Spray

Commonplaces: Itemizing the Technological Present, Somatosphere, May 2014.

“In the Spray,” (c) M Hooper, Flickr

“In the Spray,” (c) M Hooper, Flickr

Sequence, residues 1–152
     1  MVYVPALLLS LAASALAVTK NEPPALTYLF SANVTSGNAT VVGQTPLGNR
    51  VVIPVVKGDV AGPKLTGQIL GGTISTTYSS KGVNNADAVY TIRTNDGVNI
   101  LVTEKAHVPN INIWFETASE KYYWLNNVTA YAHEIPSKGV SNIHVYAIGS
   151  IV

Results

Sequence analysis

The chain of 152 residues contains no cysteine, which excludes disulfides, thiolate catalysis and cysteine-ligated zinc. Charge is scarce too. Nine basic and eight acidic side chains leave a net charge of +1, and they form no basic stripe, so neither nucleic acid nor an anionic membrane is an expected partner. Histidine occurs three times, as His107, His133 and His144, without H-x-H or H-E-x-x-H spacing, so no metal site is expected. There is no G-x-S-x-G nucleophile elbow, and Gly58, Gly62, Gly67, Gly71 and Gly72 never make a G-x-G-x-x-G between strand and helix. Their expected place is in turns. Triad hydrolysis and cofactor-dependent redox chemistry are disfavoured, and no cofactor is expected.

In Martinique, contemporary anxieties about bodies, chemicals, and the environment have coalesced recently around two key issues related to spray: first, relative to concerns about the legacies of the 1972-1993 manual application of an insecticide called chlordécone (kepone) to combat charonçons du bananier (banana borer weevils) on the island’s northern banana plantations,and second, about the more recent aerial application of a variety of fungicides to combat cercosporiose noire (black sigatoka fungus) on those same parcels of land. Épandage aérien (crop-dusting), the spray from “up there,” has re-energized local conversations about environmental contamination, particularly exposures to industrially-produced chemical particles circulating in the air. In this short essay, I consider our bodies’ material entanglements with chemical commodity chains, arguing that at every scale in our social and biological worlds, contingent forms of non-life and life are being entwined, as synthetic chemicals embed, accrete, and leave their residue in our bodies.